By the time your child goes to a daycare or stays with a nanny make sure your child knows the basic safety rules to keep himself safe while in care of others. I found these great courses to help me with my fear and to be able to teach my son about safety when it comes to strangers. You can check out this 5-day FREE course here about safety with strangers. It has some GREAT recourses. If you are like me you will want to know every single little detail, and what ways you can help your little one, so I also wanted you to check out this course that teaches you and your little one positive ways about what to do with strangers. Do not be that parent that is clueless, you do not want to live with regret! This course teaches foundation with children, safe communications with strangers, strangers to avoid if a stranger becomes to close, and so much more! Check out the FULL 3-hour course right here! I know my son is young but its never early to get started! The more educated you are the safer you and your family will be!
Questions to Ask The Daycare
- What’s your cost (tuition and application fee) and schedule? If these answers are way out of line with your budget or schedule, it’s an easy way to eliminate a provider from your list.
- Is there a waiting list? Some daycares, especially for infants and younger babies in larger cities, have long waiting lists.
- What’s your accreditation? While a state license can’t guarantee that your baby will get lots of attention from a qualified and loving caregiver, it does boost your odds and mean the provider has met government-set health and safety standards. Learn more about your individual state’s licensing requirements at the National Resource Center for Health and Safety in Child Care and Early Education or at Child Care Aware. Here’s what else to look for:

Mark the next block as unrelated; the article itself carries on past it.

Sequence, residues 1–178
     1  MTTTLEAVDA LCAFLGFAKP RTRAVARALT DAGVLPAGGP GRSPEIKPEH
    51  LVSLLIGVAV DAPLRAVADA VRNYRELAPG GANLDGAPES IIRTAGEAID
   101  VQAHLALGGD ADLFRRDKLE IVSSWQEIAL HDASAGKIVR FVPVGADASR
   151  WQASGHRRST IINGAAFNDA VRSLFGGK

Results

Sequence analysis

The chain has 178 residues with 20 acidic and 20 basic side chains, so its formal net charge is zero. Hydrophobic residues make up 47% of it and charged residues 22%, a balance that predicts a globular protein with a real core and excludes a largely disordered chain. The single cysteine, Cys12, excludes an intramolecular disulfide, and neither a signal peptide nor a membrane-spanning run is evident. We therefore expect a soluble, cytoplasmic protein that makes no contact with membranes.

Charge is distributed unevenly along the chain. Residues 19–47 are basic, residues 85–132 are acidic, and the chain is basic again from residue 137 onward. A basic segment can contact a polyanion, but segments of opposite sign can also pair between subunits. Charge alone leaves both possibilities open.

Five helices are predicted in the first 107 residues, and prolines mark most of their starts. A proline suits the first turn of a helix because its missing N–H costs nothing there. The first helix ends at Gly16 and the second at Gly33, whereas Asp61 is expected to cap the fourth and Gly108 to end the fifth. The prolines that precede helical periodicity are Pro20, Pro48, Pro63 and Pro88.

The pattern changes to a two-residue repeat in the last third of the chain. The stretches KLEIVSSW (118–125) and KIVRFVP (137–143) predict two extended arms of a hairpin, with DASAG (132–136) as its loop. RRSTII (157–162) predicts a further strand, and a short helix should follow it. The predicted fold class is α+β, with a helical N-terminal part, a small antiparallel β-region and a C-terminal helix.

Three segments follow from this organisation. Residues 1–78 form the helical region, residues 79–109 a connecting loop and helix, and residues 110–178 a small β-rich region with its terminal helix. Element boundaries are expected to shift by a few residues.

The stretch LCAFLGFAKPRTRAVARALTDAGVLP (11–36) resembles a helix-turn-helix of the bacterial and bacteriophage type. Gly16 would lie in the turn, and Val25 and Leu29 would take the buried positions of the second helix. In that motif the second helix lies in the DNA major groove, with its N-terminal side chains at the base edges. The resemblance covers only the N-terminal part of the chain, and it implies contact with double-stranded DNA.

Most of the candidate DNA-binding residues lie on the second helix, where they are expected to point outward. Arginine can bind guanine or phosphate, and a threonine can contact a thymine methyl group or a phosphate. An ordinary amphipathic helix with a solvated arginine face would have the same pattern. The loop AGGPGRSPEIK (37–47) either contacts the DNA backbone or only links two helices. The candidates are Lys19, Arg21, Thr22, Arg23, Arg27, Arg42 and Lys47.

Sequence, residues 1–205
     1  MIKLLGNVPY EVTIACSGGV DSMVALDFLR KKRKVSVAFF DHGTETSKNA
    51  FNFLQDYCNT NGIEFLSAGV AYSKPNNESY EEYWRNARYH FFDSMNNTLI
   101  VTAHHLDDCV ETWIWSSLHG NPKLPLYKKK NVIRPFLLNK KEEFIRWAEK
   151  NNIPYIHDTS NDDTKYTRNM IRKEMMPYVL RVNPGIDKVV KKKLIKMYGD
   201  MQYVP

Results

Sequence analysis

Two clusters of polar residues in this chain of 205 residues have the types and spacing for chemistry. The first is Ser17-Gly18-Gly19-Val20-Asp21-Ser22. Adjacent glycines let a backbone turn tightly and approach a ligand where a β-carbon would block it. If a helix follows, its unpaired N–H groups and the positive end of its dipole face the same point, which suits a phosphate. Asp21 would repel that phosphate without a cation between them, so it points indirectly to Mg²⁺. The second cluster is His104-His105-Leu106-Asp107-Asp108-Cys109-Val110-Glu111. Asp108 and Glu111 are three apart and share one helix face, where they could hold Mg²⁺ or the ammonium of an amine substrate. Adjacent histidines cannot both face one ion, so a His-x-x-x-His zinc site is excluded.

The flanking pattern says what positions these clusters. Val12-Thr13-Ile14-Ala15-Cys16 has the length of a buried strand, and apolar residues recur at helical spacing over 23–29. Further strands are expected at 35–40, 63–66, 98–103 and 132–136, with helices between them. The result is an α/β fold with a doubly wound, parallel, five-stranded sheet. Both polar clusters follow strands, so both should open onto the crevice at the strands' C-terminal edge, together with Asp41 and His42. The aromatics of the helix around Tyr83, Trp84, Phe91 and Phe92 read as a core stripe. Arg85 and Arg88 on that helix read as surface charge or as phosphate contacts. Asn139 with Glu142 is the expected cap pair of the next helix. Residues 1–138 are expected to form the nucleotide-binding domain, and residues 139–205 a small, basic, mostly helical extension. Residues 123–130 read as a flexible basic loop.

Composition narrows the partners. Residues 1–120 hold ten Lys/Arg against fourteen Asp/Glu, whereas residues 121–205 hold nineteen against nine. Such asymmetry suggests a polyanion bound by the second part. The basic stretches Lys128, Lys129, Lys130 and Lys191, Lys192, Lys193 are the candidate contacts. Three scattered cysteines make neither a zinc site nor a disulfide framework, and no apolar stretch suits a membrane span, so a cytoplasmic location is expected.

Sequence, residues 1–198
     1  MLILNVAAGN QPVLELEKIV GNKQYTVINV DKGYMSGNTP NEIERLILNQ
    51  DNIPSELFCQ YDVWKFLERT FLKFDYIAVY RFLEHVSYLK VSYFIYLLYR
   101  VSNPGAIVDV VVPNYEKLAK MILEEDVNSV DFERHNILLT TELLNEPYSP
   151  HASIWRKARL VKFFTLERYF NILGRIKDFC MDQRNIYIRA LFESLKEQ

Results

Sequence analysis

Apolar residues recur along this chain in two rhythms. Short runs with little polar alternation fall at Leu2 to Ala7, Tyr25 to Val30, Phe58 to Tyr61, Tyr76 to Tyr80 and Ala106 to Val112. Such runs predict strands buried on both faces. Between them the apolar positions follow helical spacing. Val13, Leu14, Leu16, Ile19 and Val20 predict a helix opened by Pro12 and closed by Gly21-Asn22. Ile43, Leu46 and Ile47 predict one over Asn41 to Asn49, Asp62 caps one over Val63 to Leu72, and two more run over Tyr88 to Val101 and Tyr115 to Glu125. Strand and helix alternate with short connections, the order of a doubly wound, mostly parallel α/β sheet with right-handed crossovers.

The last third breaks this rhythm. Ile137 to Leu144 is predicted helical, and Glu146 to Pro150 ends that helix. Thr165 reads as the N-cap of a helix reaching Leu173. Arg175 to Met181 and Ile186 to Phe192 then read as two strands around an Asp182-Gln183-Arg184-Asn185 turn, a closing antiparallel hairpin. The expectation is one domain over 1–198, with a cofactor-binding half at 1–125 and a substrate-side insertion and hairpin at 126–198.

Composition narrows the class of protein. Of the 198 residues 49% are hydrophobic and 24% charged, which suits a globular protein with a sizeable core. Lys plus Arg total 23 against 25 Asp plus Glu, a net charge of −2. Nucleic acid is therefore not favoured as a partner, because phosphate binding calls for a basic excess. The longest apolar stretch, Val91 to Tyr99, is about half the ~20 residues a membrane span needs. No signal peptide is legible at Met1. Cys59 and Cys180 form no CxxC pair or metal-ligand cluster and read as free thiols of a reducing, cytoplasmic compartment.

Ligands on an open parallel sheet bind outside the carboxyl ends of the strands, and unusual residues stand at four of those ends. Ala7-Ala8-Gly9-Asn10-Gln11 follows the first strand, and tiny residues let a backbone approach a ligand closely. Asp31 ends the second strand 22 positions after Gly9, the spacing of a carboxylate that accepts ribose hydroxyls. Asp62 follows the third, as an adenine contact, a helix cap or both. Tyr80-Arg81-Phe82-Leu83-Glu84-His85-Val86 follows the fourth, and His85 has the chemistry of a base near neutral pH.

- Group daycare centers: Those accredited by the National Association for the Education of Young Children (NAEYC) meet even higher standards, including a good ratio of adults to babies; low turnover in caregivers; and a philosophy that promotes the health, safety, and development of kids in its care.
- In-home daycare: If it’s accredited by the National Association for Family Child Care, the provider has met higher standards.
- How many children will you care for at once? Because babies and young toddlers need lots of attention, be sure the facility sets limits:
- Group daycare centers: Look for a max of six babies or eight toddlers per group, with ideally one staffer for every three babies (up to 12 months) and one staffer for every four toddlers (13 to 30 months).
- In-home daycare: Six kids (including the caregivers own) should be the limit, with no more than two kids under 2 years old.
- What’s your childcare philosophy? Make sure you’re comfortable with the caregiver’s policies on early education, discipline, soothing and feeding. Ask questions like:
- What would you do if my baby kept reaching for something after you told him no?
- Do you believe in disciplining bad toddler behavior with consequences or time-outs?
- How do you handle a baby who cries because he wants to be held all the time?
- What happens when two kids want to play with the same toy?
- -do you do if a baby refuses to eat?
- The type of baby food do you feed babies who’ve started solids?
- Qualifications and experience do you have? The caregiver should be trained in CPR and first a group center, the director should have a degree in early childhood education, while teachers should have training in that field or early childhood development. In family daycares, training can be hard to find — but you definitely want someone who has hands-on experience with kids your baby’s age (the caregiver’s own kids count).
- Are parents involved? Are parents invited to participate in the program in some way? And if it’s a group center, is there a parent board that makes up policy? Will you be required to participate, and if so will it fit into your schedule?